Bruce Calls From Mulholland
Bruce calls, stoned and sunburned, from Los Angeles and tells me that he’s sorry. He tells me he’s sorry for not being here, at campus with me. He tells me that I was right, that he should have flown to the workshop this summer, and he tells me that he’s sorry he’s not in New Hampshire and that he’s sorry he hasn’t called me in a week and I ask him what he’s doing in Los Angeles and don’t mention that it has been two months.
Bruce tells me that things went bad ever since Robert left the apartment they were sharing on Fifty-sixth and Park and went on a white-water-rafting trip with his stepfather down the Colorado River, leaving his girlfriend, Lauren, who also lives in the apartment on Fifty-sixth and Park, and Bruce alone, together, for four weeks. I have never met Lauren but I know what kind of girl Robert is attracted to and I can picture what she must look like clearly in my mind and then I’m thinking of the girls who are attracted to Robert, beautiful and pretending to ignore the fact that Robert, at twenty-two, is worth about three hundred million dollars, and I picture this girl, Lauren, lying on Robert’s futon, head throw back, Bruce moving slowly on top of her, his eyes shut tightly.
Bruce tells me that the affair started a week after Robert left. Bruce and Lauren had gone to Café Central and after they sent back the food and decided just to have drinks, they agreed it would be sex only. It would happen only because Robert had gone out West. They told each other that there really was no mutual attraction beyond the physical and then they went back to Robert’s apartment and went to bed. This went on, Bruce tells me, for one week, until Lauren started dating a twenty-three-year-old real estate tycoon who is worth about two billion dollars.
Bruce tells me that he was not upset by that. But he was “slightly bothered” the weekend Lauren’s brother, Marshall, who just graduated from RISD, came down and stayed at Robert’s apartment on Fifty-sixth and Park. Bruce tells me that the affair between him and Marshall lasted longer simply because Marshall stayed longer. Marshall stayed a week and a half. And then Marshall went back to his ex-boyfriend’s loft in SoHo when his ex-boyfriend, a young art dealer who is worth about two to three million, said he wanted Marshall to paint three functionless columns in the loft they used to share on Grand Street. Marshall is worth about four thousand dollars and some change.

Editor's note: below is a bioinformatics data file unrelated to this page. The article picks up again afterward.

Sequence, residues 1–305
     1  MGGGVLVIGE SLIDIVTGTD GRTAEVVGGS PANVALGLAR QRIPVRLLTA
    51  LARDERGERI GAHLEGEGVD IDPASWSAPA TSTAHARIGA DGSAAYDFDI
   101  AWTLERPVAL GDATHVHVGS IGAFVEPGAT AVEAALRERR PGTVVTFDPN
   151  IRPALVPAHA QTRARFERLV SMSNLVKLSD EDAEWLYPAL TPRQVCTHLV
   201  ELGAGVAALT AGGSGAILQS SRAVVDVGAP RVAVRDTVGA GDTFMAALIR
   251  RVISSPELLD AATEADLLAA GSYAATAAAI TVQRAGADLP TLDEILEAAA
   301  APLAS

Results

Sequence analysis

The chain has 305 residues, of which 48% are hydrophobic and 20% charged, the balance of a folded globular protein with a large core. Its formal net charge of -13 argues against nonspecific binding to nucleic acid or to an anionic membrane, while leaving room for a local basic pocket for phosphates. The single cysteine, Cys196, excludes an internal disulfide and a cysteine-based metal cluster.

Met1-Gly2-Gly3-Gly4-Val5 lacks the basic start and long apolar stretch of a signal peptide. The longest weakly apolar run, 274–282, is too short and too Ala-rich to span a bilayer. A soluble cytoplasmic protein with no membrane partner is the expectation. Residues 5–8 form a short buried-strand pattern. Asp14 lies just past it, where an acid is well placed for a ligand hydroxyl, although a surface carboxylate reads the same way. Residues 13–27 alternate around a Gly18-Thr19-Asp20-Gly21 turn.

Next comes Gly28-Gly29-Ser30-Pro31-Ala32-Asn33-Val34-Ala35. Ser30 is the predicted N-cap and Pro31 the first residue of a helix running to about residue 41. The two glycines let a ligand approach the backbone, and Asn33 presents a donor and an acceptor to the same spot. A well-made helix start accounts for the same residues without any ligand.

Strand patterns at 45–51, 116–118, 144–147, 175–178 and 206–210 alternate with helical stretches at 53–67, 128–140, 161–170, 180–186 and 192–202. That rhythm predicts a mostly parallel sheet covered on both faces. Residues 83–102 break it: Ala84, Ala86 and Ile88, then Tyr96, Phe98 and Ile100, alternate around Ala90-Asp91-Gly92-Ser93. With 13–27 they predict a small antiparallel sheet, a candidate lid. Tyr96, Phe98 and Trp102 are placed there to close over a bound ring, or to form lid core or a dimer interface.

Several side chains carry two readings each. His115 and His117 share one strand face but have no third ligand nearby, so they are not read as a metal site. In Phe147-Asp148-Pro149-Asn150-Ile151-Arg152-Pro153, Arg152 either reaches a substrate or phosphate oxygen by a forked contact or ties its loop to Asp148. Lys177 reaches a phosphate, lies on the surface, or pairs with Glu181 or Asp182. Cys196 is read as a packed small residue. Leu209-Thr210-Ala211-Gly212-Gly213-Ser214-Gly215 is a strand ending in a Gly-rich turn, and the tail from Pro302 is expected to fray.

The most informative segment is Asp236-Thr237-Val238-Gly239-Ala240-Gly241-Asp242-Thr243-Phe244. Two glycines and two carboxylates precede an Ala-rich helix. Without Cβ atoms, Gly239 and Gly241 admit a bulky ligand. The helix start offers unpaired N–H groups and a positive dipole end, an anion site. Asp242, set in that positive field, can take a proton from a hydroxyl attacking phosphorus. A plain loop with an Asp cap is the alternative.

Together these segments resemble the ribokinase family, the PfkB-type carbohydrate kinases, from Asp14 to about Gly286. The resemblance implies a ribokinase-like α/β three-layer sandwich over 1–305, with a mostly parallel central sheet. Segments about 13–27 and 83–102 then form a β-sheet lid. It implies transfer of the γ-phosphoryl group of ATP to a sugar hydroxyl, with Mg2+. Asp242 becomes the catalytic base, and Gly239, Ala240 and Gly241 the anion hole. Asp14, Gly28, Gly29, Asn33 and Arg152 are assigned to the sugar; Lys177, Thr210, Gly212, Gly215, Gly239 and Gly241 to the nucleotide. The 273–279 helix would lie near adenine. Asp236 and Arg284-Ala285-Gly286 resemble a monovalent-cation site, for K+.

This was during the period that Lauren moved all of her furniture (and some of Robert’s) to the twenty-three-year-old real estate tycoon’s place at the Trump Tower. It was also during this period that Robert’s two expensive Egyptian lizards apparently ate some poisioned cockroaches and were found dead, one under the couch in the living room, its tail missing, the other sprawled across Robert’s Betamax—the big one cost five thousand dollars, the smaller one was a gift. But since Robert is somewhere in the Grand Canyon there is no way to get in touch with him. Bruce tells me that this is why he left the apartment on Fifty-sixth and Park and went to Reynolds’ house, in Los Angeles, on top of Mulholland, while Reynolds, who is worth, according to Bruce, a couple of falafels at PitaHut and no beverage, is in Las Cruces.
Lighting a joint, Bruce asks me what I have been doing, what has been happening here, that he’s sorry again. I tell him about readings, receptions, that Sam slept with an editor from the Paris Review who came up from New York on Publishers’ Weekend, that Madison shaved her head and Cloris thought she was having chemotherapy and sent all her stories to editors she knew at Esquire, The New Yorker, Harper’s, and that it just made everyone very blah. Bruce tells me to tell Craig that he wants his guitar case back. He asks if I’m going to East Hampton to see my parents. I tell him that since the workshop is just about over and it’s almost September, I don’t see the point.
Last summer Bruce stayed with me at Camden and we took the workshop together and it was the summer Bruce and I would swim in Lake Parrin at night and the summer he wrote the lyrics to the theme song from “Petticoat junction” all over my door because I would laugh whenever he sang the song not because the song was funny-it was just the way he sang it: face stern yet utterly blank. That was the summer we went to Saratoga and saw the Cars and, later that August, Bryan Metro. The summer was drunk and night and warm and the lake. An image I never saw: my cold hands running over his smooth, wet back.
Bruce tells me to touch myself, right now, in the phone booth. The house I’m in is silent. I wave away a mosquito. “I can’t touch myself,” I say. I slowly sink to the floor still holding the phone.
“Being rich is cool,” Bruce says.